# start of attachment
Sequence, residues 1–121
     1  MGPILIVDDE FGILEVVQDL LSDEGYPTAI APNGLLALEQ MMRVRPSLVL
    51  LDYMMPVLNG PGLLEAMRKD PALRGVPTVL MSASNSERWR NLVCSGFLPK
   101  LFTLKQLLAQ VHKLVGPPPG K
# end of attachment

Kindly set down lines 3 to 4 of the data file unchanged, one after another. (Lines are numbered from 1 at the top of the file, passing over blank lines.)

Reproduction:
    51  LDYMMPVLNG PGLLEAMRKD PALRGVPTVL MSASNSERWR NLVCSGFLPK
   101  LFTLKQLLAQ VHKLVGPPPG K